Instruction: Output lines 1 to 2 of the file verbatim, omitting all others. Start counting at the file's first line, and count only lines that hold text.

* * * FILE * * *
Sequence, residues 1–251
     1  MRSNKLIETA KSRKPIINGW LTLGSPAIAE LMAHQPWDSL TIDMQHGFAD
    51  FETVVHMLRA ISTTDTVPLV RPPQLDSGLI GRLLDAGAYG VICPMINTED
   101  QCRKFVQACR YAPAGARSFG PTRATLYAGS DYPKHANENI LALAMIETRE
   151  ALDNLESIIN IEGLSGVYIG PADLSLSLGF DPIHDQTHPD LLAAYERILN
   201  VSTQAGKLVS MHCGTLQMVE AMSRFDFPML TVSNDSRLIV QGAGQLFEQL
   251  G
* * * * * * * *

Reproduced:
Sequence, residues 1–251
     1  MRSNKLIETA KSRKPIINGW LTLGSPAIAE LMAHQPWDSL TIDMQHGFAD